Let’s start by shoving the idea of perfect parenting out the door and let’s do that with full force. Perfection. Ugh. Let’s not do that to ourselves and let’s not do that to our young loves. It’s okay for them to see our imperfections, and it’s okay for them to lay theirs bare in front of us. We won’t break them if we yell sometimes. They will learn from our mistakes, and we will learn from theirs.♥️
If the feelings that send them ‘small’ don’t feel safe or supported, the ‘big’ of anger will step in. This doesn’t mean they aren’t actually safe or supported - it’s about what the brain perceives. 

Let them see that you can handle them in all their feelings. Breathe and be with - through their tears, or confusion, or lostness. Just let their feelings come, and let them be. Feelings heal when they’re felt. Big feelings don’t hurt children. What hurts is being alone in the feelings. Your strong, loving presence, your willingness to be with without needing them to be different, and certainty that they’ll get through this will hold them steady through the storm. If they don’t want you near them, that’s okay too. Let them know you’re they’re if they need.♥️
Brains love keeping us alive. They adore it actually. Their most important job is to keep us safe. This is above behaviour, relationships, and learning - except as these relate to safety. 

Safety isn’t about what is actually safe, but about what the brain perceives. Unless a brain feels safe, it won’t be as able to learn, connect, regulate, make good decisions, think through consequences. 

Young brains (all brains actually) feel safest when they feel connected to, and cared about by, their important adults.  This means that for us to have any influence on our kids and teens, we first need to make sure they feel safe and connected to us. 

This goes for any adult who wants to lead, guide or teach a young person - parents, teachers, grandparents, coaches. Children or teens can only learn from us if they feel connected to us. They’re no different to us. If we feel as though someone is angry or indifferent with us we’re more focused on that, and what needs to happen to avoid humiliation or judgement, or how to feel loved and connected again, than anything else.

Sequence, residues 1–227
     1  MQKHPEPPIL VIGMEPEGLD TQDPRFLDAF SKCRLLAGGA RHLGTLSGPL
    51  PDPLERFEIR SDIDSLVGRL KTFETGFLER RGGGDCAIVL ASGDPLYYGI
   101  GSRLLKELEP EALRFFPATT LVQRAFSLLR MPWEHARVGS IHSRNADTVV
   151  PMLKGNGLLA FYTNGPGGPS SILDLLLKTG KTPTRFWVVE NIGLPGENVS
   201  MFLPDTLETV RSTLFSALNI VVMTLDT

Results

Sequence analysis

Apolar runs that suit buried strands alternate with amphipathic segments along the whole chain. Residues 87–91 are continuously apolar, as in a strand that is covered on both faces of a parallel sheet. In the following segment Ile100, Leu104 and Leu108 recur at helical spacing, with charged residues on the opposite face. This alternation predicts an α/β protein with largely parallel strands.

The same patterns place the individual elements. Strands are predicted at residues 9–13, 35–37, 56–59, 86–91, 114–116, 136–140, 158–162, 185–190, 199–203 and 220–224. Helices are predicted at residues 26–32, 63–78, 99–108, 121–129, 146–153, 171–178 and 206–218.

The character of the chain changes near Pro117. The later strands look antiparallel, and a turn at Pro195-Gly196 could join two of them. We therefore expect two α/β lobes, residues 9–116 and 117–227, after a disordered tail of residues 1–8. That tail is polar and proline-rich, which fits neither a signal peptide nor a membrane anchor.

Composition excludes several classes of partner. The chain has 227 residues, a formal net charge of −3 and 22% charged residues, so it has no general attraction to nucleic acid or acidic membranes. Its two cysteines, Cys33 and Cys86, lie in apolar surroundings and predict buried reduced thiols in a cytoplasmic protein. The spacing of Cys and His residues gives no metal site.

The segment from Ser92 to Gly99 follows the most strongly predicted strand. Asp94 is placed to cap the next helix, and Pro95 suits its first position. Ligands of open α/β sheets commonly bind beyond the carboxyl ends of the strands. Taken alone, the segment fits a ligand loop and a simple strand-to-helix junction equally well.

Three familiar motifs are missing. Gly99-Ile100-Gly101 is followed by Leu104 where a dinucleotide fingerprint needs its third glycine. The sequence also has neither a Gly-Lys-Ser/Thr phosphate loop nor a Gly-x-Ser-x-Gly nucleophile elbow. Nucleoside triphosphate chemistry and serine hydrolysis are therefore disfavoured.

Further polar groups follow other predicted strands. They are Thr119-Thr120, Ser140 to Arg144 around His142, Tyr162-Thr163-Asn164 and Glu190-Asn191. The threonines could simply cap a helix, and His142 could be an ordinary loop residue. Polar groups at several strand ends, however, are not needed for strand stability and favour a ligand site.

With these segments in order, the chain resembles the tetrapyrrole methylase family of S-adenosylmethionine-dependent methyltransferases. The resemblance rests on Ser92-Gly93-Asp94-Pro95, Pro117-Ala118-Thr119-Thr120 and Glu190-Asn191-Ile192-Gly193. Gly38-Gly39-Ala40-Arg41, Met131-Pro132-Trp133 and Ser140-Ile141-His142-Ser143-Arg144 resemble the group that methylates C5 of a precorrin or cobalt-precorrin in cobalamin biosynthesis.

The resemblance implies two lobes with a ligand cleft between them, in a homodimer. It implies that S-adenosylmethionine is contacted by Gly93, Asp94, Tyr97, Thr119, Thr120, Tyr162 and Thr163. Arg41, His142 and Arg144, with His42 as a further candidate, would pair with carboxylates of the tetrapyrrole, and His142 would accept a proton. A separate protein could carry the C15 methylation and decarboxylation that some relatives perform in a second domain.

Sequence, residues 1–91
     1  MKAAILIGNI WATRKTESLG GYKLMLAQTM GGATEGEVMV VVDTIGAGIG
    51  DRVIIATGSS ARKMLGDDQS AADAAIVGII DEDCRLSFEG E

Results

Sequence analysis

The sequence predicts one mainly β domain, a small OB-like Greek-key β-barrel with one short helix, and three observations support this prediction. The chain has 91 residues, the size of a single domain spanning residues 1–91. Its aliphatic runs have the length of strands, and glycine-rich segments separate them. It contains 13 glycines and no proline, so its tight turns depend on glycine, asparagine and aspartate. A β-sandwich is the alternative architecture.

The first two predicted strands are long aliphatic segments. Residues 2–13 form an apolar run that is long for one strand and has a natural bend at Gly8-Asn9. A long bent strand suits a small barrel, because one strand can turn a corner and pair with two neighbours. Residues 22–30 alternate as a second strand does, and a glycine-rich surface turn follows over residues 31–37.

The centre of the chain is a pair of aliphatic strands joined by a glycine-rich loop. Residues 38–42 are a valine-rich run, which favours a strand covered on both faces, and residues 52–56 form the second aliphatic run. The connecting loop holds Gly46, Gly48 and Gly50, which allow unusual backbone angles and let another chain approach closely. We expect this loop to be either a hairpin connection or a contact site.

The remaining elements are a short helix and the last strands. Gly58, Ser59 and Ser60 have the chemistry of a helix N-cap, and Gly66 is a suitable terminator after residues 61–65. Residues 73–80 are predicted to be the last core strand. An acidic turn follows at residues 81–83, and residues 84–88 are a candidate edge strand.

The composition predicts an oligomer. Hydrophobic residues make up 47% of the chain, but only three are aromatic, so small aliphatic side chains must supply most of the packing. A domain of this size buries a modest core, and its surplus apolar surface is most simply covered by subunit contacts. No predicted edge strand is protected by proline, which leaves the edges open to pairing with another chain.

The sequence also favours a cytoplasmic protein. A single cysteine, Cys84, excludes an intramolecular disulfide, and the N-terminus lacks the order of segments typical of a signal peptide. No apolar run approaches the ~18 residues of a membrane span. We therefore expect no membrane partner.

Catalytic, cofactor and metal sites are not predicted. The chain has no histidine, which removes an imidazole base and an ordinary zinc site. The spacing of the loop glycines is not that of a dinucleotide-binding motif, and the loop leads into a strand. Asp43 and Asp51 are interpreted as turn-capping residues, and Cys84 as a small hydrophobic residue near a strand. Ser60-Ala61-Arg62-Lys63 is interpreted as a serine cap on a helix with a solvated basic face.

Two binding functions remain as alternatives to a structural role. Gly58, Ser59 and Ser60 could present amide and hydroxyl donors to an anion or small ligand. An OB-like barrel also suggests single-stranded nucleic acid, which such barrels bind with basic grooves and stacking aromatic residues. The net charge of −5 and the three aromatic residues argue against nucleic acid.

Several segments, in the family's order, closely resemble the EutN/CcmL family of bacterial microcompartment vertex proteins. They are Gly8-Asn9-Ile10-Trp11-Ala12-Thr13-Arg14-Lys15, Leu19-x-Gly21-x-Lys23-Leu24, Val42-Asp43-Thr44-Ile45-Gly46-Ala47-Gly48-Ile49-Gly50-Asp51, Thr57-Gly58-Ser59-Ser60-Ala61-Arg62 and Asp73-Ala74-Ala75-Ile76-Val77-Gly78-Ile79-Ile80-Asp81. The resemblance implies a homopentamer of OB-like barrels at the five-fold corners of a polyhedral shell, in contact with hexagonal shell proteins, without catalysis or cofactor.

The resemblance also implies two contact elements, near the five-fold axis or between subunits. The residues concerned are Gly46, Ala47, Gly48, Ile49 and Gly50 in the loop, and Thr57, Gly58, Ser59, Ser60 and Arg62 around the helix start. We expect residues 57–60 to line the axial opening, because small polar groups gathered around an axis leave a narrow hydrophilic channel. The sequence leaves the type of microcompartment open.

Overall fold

We won’t have influence if we don’t have connection. Connection let’s us do our job - whether that’s the job of parenting, teaching - anything. It helps the brain feel safe, so it will then be free to learn.♥️
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#parenting #parentingforward #parentingtips #mindfulparenting
The stories we tell ourselves influence how we feel and what we do. This happens to all of us. These stories can be influenced by our mood, history, stress - so many things that are outside of what’s actually happening. 

When our children are in distress, this will start to create distress in us. The idea of this is to mobilise us to protect, but when that distress happens in the absence of a ‘real’ threat, it can throw us into fight or flight. This can influence the story we tell ourselves. This is really normal.

Whenever you can, pause, and be open to a different story. It won’t necessarily make the behaviour okay, but it will make it easier to give your child or teen what they need in that moment - an anchor - a strong, steady, loving presence to guide them back to calm. 

When their brains and bodies are back to calm, then you can have the conversations that will grow them: what happened, what can you do differently, what can I do differently that would help?

The truth is that they are no different to us. In that moment they don’t want to be fixed. They want to feel seen, safe, and heard.♥️
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#parenting #parenthood #mindfulparenting